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Psychiatric, neuropsychological, and psychosocial features of DSM-IV subtypes of attention-deficit/hyperactivity disorder: results from a clinically referred sample.

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  • 1Pediatric Psychopharmacology Unit of the Child Psychiatry Service, Massachusetts General Hospital, Boston, USA.



To assess the validity of the DSM-IV subtypes of attention-deficit/hyperactivity disorder (ADHD).


Using structured diagnostic interviews and psychometric measures of cognitive and social functioning, the authors assessed 413 children and adolescents consecutively referred to a pediatric psychopharmacology clinic since 1991.


Marked psychiatric differences were found among DSM-IV subtypes of ADHD, but few differences were found in cognitive or psychosocial functioning. The greatest psychiatric differences were found between the combined-type subjects (who tended to show more impairment in multiple domains) and the other two subgroups. The inattentive patients, however, were more likely to have required extra help in school. The hyperactive-impulsive patients were not different from controls on rates of depression, Child Behavior Checklist measures of social functioning, or psychometric measures of intellectual functioning and academic achievement.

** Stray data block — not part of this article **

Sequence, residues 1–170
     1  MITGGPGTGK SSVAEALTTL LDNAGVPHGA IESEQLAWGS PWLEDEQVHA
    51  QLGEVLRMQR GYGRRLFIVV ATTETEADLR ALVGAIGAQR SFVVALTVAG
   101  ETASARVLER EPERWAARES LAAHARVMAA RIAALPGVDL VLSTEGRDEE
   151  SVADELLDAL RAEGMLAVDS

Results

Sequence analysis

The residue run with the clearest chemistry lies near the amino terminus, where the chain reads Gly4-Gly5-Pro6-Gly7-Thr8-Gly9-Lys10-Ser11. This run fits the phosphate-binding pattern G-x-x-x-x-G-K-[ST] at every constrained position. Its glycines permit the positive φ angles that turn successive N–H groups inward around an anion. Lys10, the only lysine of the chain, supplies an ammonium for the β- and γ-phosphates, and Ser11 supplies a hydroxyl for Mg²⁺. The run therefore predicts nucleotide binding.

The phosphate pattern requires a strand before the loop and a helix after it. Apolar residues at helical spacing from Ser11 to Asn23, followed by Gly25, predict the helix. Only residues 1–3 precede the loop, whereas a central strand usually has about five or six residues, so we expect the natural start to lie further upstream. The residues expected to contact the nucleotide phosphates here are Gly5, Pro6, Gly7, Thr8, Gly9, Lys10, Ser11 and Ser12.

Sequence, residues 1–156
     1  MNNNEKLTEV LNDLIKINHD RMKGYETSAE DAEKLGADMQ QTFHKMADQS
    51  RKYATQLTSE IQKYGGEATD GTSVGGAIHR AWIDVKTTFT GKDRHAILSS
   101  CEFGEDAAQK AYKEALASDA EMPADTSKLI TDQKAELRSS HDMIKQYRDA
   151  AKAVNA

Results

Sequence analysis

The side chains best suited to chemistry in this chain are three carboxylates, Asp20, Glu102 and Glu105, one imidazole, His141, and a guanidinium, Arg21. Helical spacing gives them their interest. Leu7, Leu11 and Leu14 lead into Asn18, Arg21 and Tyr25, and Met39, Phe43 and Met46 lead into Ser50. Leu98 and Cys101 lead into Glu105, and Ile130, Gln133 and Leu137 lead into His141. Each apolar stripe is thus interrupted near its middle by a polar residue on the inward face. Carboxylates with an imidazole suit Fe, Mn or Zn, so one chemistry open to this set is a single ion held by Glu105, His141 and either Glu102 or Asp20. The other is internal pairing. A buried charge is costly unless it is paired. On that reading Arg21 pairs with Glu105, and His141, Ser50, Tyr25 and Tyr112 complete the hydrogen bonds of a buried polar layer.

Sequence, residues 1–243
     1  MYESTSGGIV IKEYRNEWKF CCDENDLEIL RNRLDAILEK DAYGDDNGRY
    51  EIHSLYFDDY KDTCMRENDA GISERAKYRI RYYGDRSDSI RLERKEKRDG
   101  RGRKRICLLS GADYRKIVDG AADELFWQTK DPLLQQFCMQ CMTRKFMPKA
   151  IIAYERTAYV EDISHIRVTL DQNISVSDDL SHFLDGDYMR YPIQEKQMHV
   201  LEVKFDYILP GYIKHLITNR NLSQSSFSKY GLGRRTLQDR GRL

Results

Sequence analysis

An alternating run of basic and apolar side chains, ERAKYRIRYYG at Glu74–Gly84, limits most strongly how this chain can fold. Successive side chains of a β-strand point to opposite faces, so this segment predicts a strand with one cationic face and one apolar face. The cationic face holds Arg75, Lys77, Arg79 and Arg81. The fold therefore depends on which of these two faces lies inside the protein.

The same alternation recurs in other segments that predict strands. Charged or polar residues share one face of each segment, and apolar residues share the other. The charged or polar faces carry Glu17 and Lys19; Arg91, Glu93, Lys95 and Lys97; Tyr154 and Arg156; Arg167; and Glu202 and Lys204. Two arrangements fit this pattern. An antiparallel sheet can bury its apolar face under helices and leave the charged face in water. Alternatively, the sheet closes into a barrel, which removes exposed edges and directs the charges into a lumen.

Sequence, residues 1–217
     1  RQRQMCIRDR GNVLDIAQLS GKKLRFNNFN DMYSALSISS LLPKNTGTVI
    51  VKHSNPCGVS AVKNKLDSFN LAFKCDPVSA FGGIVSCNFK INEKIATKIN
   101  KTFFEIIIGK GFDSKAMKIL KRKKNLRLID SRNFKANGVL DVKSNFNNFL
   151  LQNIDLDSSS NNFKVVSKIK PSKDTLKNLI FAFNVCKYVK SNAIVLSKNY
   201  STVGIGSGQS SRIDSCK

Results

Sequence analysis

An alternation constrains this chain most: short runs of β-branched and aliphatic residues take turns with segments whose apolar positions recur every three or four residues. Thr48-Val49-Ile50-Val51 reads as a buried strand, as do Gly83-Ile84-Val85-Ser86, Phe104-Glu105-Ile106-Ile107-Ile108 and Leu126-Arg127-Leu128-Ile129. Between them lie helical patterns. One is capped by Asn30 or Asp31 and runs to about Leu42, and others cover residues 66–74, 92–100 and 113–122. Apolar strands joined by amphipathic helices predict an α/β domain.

The results suggest that, regarding clinical features, combined-type patients have a more severe disorder than the other DSM-IV subtypes.

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